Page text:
Receipt for payment to ‘Engineers & Gunners of the Tower of London for their ‘great service and pains at the time of the fire’, 1 February 1679 (MT/2/TRB/37)
The fire was finally extinguished at around midday the following day and by that time the Middle Temple had been utterly devastated. Pump Court, Hare Court, Essex Court, Brick Court, Vine Court, Hall Court and part of Elm Court were destroyed, and the Cloisters had collapsed on itself in a spectacular fashion, spreading embers over watching crowds and setting their clothing smouldering. The roof of Temple Church caught fire, though it was quickly extinguished, and the Inner Templars, overzealously in North’s opinion, had blown up their own Library. Despite the destruction of many of the Middle Temple’s buildings, most of the residents managed to remove their belongings before the fire reached them – the exceptions to this being the staircase in which the fire started where residents barely had time to clothe themselves before making their escape, the contents of the Fine Office, which was blown up along with all of their records, and a great portion of the collection of rarities, in the possession of the antiquary and Middle Templar Elias Ashmole, originally assembled by John Tradescant.
Plan of the Temple from John Ogilby’s map of London, 1677, with the extent of the Temple fire shown in Green on the left and the Great Fire of London in red on the right
The members of the Middle Temple, looking around at the smouldering ruin of the fabric of their Society, then had to find the means to rebuild. Clearing and reconstruction work quickly started in the precinct and one ‘decrepit old woman’ was heard to wryly comment when looking at the construction efforts of the lawyers, ‘Well, I see ill weeds will grow fast’. However, the path to reconstruction was not without its impediments, and the eventual settlement was the result of careful negotiations between the interests of the Benchers and those of the membership – the latter being unable to rebuild their own chambers without providing for the construction of the Bench chambers and the former being unable to finance the rebuilding of the chambers on their own.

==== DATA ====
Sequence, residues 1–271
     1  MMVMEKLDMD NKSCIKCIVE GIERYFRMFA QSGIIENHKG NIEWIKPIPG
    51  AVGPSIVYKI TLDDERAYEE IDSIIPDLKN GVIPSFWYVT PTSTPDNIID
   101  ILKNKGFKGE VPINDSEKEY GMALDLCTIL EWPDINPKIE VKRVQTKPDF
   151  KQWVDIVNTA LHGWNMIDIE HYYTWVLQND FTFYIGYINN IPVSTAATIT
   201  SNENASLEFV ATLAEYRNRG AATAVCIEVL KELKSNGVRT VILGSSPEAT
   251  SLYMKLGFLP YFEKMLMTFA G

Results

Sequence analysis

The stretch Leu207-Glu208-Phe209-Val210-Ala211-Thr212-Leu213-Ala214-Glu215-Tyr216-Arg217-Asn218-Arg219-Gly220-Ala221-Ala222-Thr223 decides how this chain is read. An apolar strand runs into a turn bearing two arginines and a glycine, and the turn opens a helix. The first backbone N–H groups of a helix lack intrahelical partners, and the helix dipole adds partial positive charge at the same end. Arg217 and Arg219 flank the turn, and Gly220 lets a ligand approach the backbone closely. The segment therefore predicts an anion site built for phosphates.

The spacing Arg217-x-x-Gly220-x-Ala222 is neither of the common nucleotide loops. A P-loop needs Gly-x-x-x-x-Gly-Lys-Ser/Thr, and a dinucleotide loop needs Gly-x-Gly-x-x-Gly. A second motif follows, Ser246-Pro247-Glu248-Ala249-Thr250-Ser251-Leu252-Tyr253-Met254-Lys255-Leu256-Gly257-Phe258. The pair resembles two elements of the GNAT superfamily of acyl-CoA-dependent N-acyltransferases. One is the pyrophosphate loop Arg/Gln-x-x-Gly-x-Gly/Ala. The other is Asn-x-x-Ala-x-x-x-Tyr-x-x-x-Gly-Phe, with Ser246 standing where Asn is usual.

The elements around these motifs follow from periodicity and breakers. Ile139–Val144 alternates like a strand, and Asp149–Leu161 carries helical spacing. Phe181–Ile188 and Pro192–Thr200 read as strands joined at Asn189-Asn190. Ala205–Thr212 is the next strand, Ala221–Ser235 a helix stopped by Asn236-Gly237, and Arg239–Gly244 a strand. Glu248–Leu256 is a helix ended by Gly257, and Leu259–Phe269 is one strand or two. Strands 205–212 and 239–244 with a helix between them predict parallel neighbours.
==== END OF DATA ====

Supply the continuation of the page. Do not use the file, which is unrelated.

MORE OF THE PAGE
Particulars of the new Bench Chambers under construction, 1679 (MT/21/1/46/2/5)
The fear of the terms that the Benchers might impose on them unified the membership, and they formed their own Parliament to represent their interests and assert their right to rebuild instead of the Benchers, with one person from each staircase nominated to represent the interests of the residents of that staircase. The result of the negotiations was that the members of the Middle Temple would finance the rebuilding of their own chambers and in return they would be granted more favourable arrangements for their lease and its management'?
Order of the Inn’s Parliament that any gentleman who rebuilds his burnt down chambers be granted an assignment for life to the chambers and two assignments afterwards, 4 February 1679 (MT/1/MPA/6)